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Westminster likely to add meters at Sherwood Lot Merchants seek change at municipal parking site


Westminster officials, hoping to remedy parking problems at the city's Sherwood Lot, are considering installing parking meters at the downtown site.

The measure is being prompted by business owners, who have complained about downtown workers abusing the free two-hour parking limit in the Sherwood Lot. To avoid parking tickets, many workers move their cars every two hours, leaving no parking available for customers, the owners said.

The City Council is expected to introduce a resolution authorizing the installation of meters at the Sherwood Lot at its Aug. 12 meeting. The council is expected to approve the measure later this month.

"We've received many complaints from business owners that people use the lot for long-term parking. They park there the whole day or move cars from space to space," said Thomas Beyard, the city's director of Planning and Public Works.

"It's created a conflict. The situation isn't new, but we're finally doing something about it," he added.

Jessica DeCesare, head of the Downtown Business Association and owner of a soon-to-open restaurant on Main Street, endorsed the parking meter proposal.

"That lot is abused by people who have offices in the area. All the people filling up the parking lot are not shopping downtown," she said.

The Sherwood Lot, which is behind Winchester Exchange, an office and retail complex at Main Street and Railroad Avenue, is the city's only lot used to full capacity, Westminster officials said.

"There are, I believe, sufficient spaces overall as of today to satisfy everyone's needs, but the distribution of spaces sometimes needs to be modified for the common good. That's what we're trying to do here," Mayor Kenneth Yowan said.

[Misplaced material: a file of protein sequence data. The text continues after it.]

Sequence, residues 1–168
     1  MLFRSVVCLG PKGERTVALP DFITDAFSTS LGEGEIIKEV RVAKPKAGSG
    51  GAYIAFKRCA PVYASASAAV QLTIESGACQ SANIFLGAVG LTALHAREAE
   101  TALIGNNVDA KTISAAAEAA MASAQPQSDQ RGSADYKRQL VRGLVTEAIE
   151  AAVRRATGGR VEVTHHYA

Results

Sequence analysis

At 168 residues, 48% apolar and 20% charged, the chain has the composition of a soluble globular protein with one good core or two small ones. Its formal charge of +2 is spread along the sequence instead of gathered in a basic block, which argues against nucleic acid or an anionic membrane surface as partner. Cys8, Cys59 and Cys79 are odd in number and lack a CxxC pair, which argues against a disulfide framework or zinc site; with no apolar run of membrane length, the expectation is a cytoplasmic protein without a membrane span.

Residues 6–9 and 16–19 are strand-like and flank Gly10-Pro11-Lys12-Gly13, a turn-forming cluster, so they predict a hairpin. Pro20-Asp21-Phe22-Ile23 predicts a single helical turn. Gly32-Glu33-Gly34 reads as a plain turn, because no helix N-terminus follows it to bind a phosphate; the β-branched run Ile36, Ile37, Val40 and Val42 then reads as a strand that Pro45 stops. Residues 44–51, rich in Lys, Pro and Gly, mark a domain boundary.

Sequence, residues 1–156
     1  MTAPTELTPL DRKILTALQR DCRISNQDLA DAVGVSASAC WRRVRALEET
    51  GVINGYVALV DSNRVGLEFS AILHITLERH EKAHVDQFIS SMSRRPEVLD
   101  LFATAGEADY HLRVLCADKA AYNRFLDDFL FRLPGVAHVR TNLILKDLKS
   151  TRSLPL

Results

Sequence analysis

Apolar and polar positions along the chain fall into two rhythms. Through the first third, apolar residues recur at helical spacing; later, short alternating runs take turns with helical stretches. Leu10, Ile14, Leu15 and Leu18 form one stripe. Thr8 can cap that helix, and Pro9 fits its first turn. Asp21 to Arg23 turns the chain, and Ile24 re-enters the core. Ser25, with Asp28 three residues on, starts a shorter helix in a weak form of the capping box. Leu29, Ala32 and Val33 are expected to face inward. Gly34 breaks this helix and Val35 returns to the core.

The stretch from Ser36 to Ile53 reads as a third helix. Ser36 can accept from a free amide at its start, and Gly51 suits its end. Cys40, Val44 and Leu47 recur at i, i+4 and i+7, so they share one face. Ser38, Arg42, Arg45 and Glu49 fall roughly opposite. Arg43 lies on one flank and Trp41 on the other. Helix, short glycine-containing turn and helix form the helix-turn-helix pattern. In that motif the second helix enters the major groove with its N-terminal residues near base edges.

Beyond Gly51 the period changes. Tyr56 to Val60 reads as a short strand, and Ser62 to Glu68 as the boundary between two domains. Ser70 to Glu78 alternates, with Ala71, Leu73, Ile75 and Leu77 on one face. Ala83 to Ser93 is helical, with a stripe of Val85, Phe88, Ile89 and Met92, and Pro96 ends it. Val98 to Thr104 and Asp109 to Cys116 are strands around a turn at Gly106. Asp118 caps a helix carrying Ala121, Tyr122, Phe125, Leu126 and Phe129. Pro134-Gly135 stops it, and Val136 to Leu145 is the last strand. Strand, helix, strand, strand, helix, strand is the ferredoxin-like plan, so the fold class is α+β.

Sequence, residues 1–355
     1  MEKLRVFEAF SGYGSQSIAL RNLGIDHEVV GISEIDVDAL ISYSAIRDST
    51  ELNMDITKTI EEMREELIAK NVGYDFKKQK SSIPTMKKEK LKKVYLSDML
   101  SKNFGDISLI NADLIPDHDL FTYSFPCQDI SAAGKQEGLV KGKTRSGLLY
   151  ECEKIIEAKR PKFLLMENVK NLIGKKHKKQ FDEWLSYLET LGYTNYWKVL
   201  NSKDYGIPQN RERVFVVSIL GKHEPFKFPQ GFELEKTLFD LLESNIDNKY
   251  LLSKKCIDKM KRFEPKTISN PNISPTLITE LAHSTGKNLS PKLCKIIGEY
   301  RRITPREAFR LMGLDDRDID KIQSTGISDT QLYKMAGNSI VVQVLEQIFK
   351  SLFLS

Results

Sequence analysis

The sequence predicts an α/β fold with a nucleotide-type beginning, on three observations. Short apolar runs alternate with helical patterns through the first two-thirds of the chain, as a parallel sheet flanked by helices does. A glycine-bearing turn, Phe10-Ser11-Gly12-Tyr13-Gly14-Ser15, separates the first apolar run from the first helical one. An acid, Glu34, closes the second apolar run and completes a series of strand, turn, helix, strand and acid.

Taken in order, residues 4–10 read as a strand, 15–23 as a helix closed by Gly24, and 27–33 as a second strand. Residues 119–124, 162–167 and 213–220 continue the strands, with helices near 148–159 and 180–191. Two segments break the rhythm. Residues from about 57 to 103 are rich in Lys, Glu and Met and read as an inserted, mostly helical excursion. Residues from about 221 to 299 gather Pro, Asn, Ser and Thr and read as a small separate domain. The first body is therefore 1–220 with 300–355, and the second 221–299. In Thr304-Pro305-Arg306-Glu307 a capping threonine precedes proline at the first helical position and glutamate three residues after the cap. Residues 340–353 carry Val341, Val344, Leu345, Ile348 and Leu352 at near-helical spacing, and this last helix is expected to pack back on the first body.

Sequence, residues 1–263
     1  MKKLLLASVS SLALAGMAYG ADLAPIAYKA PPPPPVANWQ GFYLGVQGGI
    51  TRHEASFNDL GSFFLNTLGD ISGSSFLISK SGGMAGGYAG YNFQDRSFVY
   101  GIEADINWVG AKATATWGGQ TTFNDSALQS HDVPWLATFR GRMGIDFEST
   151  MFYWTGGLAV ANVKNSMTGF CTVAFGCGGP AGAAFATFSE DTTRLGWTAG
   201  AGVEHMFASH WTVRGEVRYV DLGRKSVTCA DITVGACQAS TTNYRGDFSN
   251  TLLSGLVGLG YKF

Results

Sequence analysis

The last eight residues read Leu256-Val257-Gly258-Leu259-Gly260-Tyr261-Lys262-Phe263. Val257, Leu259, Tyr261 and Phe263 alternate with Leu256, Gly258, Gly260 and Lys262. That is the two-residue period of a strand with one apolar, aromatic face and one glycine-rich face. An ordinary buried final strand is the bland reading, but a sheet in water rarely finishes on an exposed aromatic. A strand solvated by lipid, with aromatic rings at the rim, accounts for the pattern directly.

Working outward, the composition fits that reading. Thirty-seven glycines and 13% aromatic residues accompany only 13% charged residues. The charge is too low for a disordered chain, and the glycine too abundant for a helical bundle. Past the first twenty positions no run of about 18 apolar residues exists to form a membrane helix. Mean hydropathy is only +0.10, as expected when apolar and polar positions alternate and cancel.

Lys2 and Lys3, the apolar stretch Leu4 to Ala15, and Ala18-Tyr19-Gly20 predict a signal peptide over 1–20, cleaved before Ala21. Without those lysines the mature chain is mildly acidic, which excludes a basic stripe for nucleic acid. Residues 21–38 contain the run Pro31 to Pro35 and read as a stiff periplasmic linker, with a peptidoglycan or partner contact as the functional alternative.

With the council's endorsement, the meters could be installed in late September or early October. The project is expected to cost about $10,000, city officials said.

Installing about 100 parking meters at the Sherwood Lot would be a first step in the city's efforts to address overall parking problems. The city's Capital Improvement Plan calls for construction of a downtown parking deck and money generated from the new meters would be used to pay for that project.

Two sites are being considered for the deck. The Sherwood and Longwell lots will be evaluated as sites and further details will be released in the fall.

Tim Bryson, owner of Locust Books in Winchester Exchange, said meters would be "a step in the right direction."

"The parking spaces that are closest to the businesses that have a pretty high turnover really should be used by clients and customers rather than employees," said Bryson, who walks to work from his home in town.

Some business officials said the meters would be welcomed by customers and employees, who are tired of the hassles of a two-hour parking limit.

"Customers come in here to take their time, eat and chat and have to get up real fast, worried that they're going to get a ticket," said Lee Cox, assistant manager of Sam's Bagels.

He said his employees received six $25 parking tickets last month.

"When you get a parking ticket at work, you pay more for the ticket than you make that day," said David Hoggler, a bagel shop employee.

Pub Date: 8/05/96

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